The couple went into quarantine for two weeks while their children temporarily stayed with family. She feared for the health of her husband who is diabetic and considered high-risk. Sofia admits at one point, their symptoms took a turn for the worst and she thought the virus would end their lives.  

Within three weeks from submitting her request for assistance, Sofia received notification from our staff confirming through our Partnership with Keep Oakland Housed and Bay Area Community Services, she received a mini-grant that would cover the four months of rent through the end of July and the funds would go directly to her landlord. As an active member of Keep Oakland housed, TUC was able to connect her to additional programs including legal representation, emergency financial assistance, and supportive services. 

 “This has been a big relief and it couldn’t have come at a better time,” said Sofia. “Everyone at The Unity Council are angels.” Sofia and her husband recovered from Covid-19, and are feeling grateful to have her children back home once again. They are still lethargic and experiencing shortness of breath, she is in better spirits. 

“My family is healthy once again and my stress, my fears of being kicked out of our home are now gone,” said Sofia. “My family can eat rice and beans everyday until I find a job, but I am happy to know that because of The Unity Council, we still have a roof over our heads.” 

Beyond being amazed with the services received from TUC, Sofia plans to reach out in hopes of seeking a new job through The Unity Council’s Fruitvale Neighborhood Career and Resource Center.  

Big thanks to Keep Oakland Housed and Bay Area Community Services for our partnership to prevent displacement and homelessness for Oakland residents. 

The client featured in this story were given a pseudonym to protect their privacy. 

We have submitted a Unique Organizational letter in opposition to DHS’ Asylum system proposal urging them to withdraw the rule in its entirety (read The Unity Council’s letter).

“At The Unity Council, every day we get to serve people who have left behind everything to start their lives over in our community. As community leaders dedicated to promote social equity and enhance the lives of thousands of families every day, we believe that a policy amendment where the target is to punish vulnerable immigrant families, children, women, and individuals fleeing their countries to look for help to save their lives is immoral and goes against the American values of fairness, justice, and equality.”.

On June 15, the Department of Justice (DOJ) and Department of Homeland Security (DHS) released a proposed rule  which bars anyone who approaches our southern border from receiving asylum, with few exceptions. The sweeping measure slams our doors to individuals, families, and unaccompanied children who are seeking safety, including survivors of gender-based violence.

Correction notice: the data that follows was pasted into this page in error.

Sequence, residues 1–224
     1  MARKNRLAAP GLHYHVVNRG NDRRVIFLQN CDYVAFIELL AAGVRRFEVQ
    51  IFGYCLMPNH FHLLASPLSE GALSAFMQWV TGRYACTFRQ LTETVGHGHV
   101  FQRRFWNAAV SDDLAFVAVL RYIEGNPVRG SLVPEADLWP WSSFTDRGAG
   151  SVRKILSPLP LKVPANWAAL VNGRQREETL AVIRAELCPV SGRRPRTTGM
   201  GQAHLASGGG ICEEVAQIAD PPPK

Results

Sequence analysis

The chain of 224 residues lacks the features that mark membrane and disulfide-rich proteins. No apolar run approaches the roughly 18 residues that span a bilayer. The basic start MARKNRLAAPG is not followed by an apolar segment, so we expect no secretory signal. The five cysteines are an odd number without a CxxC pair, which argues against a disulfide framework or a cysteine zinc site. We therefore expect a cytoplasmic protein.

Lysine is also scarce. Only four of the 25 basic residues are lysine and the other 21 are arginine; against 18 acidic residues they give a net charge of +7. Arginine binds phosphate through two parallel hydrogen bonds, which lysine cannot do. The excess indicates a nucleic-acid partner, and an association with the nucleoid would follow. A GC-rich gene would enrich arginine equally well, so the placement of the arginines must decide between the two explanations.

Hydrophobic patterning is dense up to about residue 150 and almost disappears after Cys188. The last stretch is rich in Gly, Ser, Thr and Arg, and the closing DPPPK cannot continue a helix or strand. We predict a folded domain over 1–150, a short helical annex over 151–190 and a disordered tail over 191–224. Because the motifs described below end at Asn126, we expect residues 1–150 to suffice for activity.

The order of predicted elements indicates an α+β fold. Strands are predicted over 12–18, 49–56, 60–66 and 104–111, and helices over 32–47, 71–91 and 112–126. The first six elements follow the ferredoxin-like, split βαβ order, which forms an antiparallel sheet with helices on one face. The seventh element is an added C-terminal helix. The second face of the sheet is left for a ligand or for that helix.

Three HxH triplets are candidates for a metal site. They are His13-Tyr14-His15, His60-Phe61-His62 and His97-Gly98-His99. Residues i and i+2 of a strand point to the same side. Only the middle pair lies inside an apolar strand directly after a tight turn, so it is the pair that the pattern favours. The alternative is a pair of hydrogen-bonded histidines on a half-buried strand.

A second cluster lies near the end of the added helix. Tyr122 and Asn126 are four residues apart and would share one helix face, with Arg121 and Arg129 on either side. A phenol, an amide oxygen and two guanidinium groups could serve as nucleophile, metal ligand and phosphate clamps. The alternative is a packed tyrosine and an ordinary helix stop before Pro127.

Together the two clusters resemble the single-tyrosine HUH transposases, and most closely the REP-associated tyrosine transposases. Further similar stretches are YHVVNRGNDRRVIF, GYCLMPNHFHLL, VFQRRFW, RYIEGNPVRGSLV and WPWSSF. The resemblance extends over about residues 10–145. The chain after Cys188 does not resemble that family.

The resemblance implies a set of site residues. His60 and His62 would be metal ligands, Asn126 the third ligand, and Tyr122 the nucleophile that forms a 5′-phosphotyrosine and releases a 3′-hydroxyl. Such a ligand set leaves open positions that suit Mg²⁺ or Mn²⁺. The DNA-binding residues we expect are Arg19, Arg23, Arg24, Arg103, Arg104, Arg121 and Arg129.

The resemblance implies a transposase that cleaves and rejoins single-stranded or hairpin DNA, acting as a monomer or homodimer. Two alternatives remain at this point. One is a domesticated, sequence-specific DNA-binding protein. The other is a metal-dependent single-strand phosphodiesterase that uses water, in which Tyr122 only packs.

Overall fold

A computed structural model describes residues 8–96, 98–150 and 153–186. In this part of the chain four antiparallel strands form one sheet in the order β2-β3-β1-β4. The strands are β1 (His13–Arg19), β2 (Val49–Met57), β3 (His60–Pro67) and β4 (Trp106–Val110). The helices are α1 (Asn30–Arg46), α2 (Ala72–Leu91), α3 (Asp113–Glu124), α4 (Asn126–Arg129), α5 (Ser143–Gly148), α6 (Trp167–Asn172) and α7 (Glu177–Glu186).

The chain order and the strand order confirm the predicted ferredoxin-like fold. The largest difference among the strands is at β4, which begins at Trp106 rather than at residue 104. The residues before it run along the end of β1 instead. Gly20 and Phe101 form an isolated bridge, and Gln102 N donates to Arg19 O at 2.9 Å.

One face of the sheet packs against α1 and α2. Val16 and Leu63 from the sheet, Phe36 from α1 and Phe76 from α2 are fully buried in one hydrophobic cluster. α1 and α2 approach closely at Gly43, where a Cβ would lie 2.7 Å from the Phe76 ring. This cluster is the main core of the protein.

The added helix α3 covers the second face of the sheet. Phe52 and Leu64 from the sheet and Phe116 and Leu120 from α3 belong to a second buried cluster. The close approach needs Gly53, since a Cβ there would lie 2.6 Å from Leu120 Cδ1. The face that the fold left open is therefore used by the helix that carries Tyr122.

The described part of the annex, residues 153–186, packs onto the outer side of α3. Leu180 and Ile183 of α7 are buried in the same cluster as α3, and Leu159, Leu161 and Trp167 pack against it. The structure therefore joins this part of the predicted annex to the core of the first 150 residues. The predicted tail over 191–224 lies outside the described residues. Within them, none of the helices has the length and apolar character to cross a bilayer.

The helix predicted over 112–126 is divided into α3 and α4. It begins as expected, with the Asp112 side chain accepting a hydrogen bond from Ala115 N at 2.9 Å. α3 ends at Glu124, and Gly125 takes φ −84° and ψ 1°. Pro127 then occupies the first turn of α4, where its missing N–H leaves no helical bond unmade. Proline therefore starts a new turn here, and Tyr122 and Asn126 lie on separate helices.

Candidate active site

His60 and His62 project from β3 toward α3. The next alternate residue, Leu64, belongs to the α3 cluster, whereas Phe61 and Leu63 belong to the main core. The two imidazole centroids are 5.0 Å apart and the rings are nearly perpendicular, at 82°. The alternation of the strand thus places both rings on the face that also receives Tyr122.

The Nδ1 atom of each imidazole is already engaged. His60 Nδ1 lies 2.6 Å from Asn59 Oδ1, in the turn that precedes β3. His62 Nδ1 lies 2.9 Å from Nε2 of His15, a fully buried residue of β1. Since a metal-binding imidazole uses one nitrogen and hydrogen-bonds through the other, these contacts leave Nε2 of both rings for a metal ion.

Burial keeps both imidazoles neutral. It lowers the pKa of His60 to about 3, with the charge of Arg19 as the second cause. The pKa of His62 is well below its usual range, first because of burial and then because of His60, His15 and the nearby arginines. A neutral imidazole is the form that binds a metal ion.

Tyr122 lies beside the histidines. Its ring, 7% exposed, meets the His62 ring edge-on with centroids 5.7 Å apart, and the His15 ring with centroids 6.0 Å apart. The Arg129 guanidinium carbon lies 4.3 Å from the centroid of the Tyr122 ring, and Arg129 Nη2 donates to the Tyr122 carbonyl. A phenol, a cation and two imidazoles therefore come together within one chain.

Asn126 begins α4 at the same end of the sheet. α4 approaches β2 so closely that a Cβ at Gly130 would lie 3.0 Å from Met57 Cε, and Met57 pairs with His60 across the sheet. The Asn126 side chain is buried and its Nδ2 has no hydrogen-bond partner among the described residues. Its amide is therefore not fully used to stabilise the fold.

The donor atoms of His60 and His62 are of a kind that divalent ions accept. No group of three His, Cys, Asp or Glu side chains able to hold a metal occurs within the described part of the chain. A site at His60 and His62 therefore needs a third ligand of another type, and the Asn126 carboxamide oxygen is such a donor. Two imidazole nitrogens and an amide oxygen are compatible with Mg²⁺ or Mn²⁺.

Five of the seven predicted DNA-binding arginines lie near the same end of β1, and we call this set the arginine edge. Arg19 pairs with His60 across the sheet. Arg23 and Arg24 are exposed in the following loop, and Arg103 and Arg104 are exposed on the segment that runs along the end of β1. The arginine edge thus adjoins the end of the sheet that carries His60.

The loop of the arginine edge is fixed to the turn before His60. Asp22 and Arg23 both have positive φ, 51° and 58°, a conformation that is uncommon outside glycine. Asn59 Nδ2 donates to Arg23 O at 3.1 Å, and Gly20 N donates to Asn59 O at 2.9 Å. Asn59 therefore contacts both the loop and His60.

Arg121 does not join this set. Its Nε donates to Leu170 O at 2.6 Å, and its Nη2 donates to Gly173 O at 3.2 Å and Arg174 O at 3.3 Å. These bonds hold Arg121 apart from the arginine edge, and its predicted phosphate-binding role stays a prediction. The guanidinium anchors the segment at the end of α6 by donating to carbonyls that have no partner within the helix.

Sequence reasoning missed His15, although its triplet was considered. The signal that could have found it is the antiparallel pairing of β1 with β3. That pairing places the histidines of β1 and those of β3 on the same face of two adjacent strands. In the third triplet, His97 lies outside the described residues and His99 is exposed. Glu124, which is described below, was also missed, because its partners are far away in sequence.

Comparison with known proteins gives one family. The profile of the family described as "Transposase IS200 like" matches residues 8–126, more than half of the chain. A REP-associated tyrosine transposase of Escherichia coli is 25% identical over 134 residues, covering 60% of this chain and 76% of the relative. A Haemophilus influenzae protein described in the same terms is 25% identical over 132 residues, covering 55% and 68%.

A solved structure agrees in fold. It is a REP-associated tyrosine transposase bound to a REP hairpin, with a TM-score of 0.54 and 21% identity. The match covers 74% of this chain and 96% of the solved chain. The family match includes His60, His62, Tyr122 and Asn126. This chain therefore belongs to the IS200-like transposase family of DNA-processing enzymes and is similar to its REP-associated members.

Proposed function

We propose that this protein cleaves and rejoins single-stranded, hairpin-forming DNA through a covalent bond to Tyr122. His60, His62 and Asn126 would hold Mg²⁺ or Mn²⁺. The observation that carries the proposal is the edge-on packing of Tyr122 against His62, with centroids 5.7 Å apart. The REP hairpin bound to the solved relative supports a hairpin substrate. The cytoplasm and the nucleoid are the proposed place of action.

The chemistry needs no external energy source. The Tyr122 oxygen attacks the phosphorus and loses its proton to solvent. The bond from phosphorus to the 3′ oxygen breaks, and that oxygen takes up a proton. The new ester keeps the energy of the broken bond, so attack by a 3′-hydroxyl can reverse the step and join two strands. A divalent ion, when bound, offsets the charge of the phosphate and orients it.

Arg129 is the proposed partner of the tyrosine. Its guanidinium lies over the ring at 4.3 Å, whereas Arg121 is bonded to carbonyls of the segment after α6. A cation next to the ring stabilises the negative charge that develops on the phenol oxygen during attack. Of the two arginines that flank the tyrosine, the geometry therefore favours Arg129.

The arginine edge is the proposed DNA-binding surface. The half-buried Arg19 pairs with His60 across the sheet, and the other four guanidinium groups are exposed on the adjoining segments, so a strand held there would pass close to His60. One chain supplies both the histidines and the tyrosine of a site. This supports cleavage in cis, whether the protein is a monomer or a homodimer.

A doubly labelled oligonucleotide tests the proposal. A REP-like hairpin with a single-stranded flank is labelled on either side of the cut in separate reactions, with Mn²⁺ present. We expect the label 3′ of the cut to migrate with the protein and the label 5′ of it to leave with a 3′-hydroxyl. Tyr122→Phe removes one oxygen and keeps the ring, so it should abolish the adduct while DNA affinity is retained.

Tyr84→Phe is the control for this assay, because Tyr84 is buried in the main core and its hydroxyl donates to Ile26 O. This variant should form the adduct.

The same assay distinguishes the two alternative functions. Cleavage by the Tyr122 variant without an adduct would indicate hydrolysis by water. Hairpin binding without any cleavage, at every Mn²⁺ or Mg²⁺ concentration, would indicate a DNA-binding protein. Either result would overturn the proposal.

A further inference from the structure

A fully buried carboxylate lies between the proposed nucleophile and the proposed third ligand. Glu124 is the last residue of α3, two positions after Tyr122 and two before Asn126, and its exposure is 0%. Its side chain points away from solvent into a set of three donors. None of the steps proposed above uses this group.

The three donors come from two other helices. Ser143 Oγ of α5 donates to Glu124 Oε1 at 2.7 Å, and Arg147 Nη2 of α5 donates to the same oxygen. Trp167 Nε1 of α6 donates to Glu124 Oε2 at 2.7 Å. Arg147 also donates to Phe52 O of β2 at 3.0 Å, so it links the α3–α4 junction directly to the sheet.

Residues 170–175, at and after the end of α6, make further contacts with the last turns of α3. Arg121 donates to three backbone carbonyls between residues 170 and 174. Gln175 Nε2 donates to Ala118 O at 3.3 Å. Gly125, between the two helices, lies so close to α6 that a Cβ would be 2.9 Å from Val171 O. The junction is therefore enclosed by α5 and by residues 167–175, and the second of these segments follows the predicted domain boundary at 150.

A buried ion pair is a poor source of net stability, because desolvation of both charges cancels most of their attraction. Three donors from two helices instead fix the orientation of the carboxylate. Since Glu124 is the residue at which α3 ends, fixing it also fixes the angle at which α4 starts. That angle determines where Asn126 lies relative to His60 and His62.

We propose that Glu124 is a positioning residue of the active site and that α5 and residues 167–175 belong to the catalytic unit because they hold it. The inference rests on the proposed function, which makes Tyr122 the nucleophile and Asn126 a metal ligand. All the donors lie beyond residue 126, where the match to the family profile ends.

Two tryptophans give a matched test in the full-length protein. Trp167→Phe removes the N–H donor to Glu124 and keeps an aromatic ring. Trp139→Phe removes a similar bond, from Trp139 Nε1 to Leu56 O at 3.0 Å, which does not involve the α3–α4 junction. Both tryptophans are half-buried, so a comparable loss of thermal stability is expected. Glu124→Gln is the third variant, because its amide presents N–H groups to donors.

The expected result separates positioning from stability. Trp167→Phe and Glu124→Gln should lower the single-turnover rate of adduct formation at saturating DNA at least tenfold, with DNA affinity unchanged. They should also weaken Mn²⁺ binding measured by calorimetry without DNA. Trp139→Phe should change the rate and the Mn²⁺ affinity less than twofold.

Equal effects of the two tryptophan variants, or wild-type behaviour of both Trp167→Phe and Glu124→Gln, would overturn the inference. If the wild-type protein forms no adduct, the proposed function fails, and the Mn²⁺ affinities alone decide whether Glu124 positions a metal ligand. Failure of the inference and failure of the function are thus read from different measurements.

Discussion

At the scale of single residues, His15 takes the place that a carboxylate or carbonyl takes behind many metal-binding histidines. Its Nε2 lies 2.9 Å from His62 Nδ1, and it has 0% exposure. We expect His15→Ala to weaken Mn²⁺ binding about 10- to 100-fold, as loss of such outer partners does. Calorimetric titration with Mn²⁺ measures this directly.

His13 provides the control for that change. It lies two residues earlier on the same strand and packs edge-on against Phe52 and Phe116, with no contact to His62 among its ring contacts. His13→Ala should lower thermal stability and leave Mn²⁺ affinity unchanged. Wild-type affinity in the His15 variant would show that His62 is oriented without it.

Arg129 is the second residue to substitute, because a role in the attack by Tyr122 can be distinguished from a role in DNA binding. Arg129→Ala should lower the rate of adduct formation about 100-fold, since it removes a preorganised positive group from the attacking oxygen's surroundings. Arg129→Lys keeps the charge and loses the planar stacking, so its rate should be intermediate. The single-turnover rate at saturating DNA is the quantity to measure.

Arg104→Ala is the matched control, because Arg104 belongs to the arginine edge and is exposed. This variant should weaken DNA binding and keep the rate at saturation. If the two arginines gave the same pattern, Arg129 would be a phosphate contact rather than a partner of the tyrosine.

This proposed rule It is a death sentence for thousands of asylum seekers, and may endanger the safety of the many Unity Council’s clients and community members who have pending asylum cases.

What is this proposal about?

The proposed rule redefines what it means to be “persecuted” and effectively eliminates “gender-based asylum” altogether by expressly excluding from asylum eligibility those who suffer persecution on account of gender, such as women and LGBTQ-identified individuals who have experienced rape, domestic violence, femicide, human trafficking, female genital cutting or a forced heterosexual marriage. It narrows eligibility criteria to deny protection to feminist activists and others who fight for equal rights in matters of education, employment, and other spheres, even when those activities make them targets for brutal retaliatory violence and oppression. It makes the protections of the Violence Against Women Act (VAWA) and the Trafficking Victims Protection Act (TVPA) inaccessible to some immigrants who are facing expedited deportation. And it removes protections against disclosure of information, potentially allowing abusiers to obtain survivors’ information.

What are the new bars to asylum?

The proposed regulation instructs immigration judges and Asylum Officers to deny asylum to individuals who have:

  • Passed through at least two countries prior to arriving in the United States or stayed in another country for at least 14 days prior to arriving in the United States (affecting people from Central America the most who have passed another country on their journey to come to the U.S. or because they crossed the border without going through an official entry point).
  • Ever failed to pay taxes, paid taxes late, or  failed to report any income to the IRS.
  • Been unlawfully present in the United States for at least one year.

Several other bars to asylum are included in the regulation. Immigration judges are instructed to use a person’s unlawful entry into the United States as a “significant adverse factor” when deciding whether to grant asylum.

What is next?

A District Court judge in San Francisco issued an order forcing the asylum ban to a temporary halt nationwide. While we are relieved at the temporary block, the administration has appealed the order, and there will be another hearing in the coming weeks to consider the full merits of the asylum ban.

As we await the hearings, we must act to ensure that asylum protections are not stripped away from those leaving everything behind in search of safety.

We have used our voice to tell the U.S. government that we oppose the new asylum ban.

Comment Tracking Number: 1k4-9htc-nc6q